As investors continue to look for increased yield, I have noticed a lot more interest in closed-end funds. The concept of closed-end funds has been around since 1893, 30 years before the advent of open-end mutual funds and long before the introduction of exchange-traded funds. A “closed” mutual fund may be closed to all new investment or just to new investors.
This recent headline in Forbes caught my attention: “Price of College Increasing Almost 8 Times Faster Than Wages.” Other headlines focus on the student-debt crisis.
A third of Americans have a college degree; they earn 56 percent more than those without a college degree. That helps explain another trend: More high school graduates are starting college.
I am often asked my opinion on various financial strategies, and my favorite answer to just about any question is, “It depends.” One of the most frequent planning topics I address with clients is when to file for Social Security benefits.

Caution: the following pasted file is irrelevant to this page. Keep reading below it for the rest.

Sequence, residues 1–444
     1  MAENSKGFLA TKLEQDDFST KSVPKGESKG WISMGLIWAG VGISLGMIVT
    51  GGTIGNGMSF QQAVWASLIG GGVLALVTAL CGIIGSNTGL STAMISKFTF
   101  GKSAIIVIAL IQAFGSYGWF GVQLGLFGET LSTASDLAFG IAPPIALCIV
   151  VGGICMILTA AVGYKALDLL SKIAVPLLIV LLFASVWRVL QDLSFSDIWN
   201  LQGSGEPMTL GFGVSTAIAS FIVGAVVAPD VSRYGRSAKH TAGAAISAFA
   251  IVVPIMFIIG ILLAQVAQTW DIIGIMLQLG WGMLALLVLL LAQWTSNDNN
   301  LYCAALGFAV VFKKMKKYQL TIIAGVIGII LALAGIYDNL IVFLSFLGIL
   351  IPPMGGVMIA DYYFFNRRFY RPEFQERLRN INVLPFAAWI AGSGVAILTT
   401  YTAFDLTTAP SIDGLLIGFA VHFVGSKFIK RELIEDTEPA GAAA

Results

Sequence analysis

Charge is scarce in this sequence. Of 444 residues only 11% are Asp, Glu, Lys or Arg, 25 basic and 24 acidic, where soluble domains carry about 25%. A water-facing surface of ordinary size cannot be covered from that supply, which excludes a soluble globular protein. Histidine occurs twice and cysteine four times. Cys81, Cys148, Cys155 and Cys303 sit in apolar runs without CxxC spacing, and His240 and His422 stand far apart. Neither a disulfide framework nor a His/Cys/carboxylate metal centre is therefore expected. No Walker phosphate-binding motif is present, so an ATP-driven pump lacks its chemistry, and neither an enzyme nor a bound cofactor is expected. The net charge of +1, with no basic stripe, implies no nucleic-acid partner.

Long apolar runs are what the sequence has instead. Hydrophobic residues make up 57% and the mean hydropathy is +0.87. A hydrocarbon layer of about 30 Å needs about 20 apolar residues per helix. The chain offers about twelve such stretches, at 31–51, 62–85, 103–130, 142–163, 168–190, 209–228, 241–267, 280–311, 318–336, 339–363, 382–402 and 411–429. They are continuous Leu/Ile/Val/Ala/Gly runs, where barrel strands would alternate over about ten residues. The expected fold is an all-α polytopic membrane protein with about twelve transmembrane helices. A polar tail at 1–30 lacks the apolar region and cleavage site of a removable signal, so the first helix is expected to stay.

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Target-date funds can be wonderful investments if used correctly. However, many investors just pick a fund, or use the 401(k) default, and hope for the best.
Investing with a purpose. Aligning your money with your values. Investing your conscience. Funding change.These concepts all fall under the larger umbrella of socially responsible investing. The premise is that you evaluate investments from a broader lens than just financial. While this is not a new style, it is growing in popularity.